Sunny 16?
If you buy a camera without a light meter, make sure you have at the least a smartphone light-meter app ( I use this free app). This will make things a lot easier, and the experience more rewarding – of course, there are some who would believe in shooting without a light-meter, and that’s OK as well.

I will try to fix you
CLA stands for Cleaning Lubrication Adjustment. You can have your camera CLA’ed by camera repair experts, if you know any. Such people are becoming rare nowadays (you can train to be one!), so make sure to find one out in your local business listings before you invest in a camera that’s surely no longer serviced by the manufacturer.

 … so, how did I do?
My first camera
was a disaster – I bought a Konica C35 AF2 (35 mm, Point and Shoot) off a lady who didn’t know much about cameras herself. Lens was dirty, light seals were torn, and I could not find anyone to repair it either. I ran just one roll through it – never picked it up again.

My second camera was well researched. I chose to buy locally from a guy who was selling his Nikon SLR for cheap – a Nikon F80  (35 mm SLR) – easy film load and auto-rewind, fully functional, runs on a pair of CR123A batteries, pretty accurate in-built light meter and came with a 28-100G Nikkor lens (I got the original manual,  too). I’ve found it very easy to use, and it is serving me well, with the only gripe being the batteries don’t last more than 10-12 rolls of film, even though the manual approximates 36 rolls (I later found out that the Japanese factories are no more producing the batteries – outsourced to Chinese factories and batteries are of lower life than before for cost-cutting reasons).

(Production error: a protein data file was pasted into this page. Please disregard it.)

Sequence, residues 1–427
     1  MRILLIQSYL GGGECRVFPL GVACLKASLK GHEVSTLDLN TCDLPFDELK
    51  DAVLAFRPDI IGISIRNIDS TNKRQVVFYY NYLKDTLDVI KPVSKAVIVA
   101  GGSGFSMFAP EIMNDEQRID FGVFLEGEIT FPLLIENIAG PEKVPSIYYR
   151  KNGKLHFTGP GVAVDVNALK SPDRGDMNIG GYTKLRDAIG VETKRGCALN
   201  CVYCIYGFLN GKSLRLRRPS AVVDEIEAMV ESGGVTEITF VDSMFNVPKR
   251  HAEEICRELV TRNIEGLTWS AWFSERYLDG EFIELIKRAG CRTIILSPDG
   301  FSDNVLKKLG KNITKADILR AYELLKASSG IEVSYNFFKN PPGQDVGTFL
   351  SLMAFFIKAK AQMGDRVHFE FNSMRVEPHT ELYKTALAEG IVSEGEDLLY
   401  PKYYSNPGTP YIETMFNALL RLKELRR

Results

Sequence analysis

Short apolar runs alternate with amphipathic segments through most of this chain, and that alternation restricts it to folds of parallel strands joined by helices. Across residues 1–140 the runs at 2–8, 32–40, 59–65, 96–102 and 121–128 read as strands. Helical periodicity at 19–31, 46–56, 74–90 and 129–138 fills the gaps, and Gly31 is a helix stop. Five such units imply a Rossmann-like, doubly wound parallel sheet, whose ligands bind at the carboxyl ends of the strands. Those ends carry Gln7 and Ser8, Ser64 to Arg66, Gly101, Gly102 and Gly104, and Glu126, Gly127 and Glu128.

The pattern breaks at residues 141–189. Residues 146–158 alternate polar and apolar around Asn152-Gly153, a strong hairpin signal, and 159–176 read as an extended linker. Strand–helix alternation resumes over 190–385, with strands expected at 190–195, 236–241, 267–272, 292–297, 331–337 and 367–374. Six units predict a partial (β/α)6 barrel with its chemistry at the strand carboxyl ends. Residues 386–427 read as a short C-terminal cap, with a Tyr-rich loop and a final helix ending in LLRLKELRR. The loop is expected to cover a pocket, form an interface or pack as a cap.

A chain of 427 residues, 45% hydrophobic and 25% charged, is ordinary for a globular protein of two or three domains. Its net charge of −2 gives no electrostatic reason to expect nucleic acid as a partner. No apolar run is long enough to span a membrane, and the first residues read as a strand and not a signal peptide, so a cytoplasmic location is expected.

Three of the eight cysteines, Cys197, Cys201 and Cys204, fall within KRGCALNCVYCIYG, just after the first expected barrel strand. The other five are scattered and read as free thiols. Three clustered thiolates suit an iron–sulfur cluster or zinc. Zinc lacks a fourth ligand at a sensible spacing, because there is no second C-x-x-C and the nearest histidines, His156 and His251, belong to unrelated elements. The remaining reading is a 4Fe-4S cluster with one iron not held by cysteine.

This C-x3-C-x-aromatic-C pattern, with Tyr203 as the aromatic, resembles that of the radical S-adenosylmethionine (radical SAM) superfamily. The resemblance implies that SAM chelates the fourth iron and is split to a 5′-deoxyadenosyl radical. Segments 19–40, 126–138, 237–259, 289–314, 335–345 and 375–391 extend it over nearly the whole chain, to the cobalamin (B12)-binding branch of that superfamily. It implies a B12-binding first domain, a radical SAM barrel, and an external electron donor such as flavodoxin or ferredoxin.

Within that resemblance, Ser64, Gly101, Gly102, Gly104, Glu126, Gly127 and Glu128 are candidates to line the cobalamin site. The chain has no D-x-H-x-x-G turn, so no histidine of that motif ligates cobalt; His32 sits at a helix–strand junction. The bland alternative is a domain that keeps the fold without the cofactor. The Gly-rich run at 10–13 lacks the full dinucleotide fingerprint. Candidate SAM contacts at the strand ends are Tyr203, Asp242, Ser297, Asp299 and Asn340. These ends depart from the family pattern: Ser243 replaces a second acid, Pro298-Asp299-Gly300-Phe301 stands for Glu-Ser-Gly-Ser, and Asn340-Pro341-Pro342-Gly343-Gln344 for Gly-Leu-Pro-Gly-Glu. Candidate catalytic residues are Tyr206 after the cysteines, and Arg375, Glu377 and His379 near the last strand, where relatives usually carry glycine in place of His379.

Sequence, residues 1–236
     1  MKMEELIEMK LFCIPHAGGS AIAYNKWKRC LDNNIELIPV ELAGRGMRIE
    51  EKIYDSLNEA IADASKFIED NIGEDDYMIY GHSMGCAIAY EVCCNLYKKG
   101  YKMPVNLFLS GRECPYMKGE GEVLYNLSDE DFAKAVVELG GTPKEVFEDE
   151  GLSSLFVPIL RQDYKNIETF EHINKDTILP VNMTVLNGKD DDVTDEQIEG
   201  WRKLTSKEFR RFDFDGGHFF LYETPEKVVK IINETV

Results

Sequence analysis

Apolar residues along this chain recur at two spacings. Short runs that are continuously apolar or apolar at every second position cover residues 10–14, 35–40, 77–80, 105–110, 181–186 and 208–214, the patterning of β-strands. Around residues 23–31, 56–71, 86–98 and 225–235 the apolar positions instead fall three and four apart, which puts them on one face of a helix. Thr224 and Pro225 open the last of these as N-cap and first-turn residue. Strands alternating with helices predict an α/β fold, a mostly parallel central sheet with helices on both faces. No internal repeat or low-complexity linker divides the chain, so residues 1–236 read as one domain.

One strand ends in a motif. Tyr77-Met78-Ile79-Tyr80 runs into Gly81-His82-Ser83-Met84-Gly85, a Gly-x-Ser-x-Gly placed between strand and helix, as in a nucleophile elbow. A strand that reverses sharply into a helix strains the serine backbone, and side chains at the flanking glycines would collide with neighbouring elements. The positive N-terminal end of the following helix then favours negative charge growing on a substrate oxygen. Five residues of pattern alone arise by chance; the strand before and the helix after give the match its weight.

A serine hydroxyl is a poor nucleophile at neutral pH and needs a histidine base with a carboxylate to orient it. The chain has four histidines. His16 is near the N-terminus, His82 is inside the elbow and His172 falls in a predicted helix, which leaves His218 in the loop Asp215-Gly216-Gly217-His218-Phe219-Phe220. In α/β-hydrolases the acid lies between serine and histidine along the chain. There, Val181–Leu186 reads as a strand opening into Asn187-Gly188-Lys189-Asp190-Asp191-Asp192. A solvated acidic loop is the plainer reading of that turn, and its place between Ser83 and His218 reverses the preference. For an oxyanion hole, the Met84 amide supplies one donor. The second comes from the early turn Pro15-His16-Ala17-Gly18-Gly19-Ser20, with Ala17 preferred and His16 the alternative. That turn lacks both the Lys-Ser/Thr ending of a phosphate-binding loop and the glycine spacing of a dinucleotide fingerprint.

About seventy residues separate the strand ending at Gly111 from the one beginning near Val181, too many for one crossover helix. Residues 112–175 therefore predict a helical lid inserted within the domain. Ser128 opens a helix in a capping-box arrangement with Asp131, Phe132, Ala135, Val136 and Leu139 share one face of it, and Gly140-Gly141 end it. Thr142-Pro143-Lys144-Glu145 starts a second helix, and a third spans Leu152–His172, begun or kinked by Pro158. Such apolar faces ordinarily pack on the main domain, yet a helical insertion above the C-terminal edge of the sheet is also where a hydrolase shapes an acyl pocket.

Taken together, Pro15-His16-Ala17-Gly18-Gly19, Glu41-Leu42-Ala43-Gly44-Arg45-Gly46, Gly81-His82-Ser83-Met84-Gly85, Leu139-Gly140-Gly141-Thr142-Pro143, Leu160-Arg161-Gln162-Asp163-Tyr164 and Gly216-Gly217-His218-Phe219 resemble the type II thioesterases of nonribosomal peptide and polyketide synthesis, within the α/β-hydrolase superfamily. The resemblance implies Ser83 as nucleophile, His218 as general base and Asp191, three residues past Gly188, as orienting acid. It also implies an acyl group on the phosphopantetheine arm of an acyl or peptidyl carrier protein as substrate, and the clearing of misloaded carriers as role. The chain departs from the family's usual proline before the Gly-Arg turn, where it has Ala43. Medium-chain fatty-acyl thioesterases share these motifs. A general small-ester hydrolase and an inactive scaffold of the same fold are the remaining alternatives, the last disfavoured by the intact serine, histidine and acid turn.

My third camera was a medium-format, and again was well researched. This time I got it off eBay, being sold as display piece (non-working, but repairable). I called up a renowned camera repair guy in my city, and he said he’ll repair it, but I knew I was taking a risk as the camera could’ve had missing/damaged parts, and the seller didn’t know much either. Luckily for me, the gamble paid off and after the much needed general servicing (CLA), I am now a proud owner of a 1960 Yashica 635. It is full of signs of wear/usage, and the adapter for 35mm film is missing (I bought the camera for 120 film, so that’s OK), but the lens is clean, door has no light-leaks, still fully functional, and takes photos just as good as a new camera should!

1 thought on “Buying (definitely used) film cameras

Leave a Reply

Fill in your details below or click an icon to log in: Logo

You are commenting using your account. Log Out /  Change )

Google photo

You are commenting using your Google account. Log Out /  Change )

Twitter picture

You are commenting using your Twitter account. Log Out /  Change )

Facebook photo

You are commenting using your Facebook account. Log Out /  Change )

Connecting to %s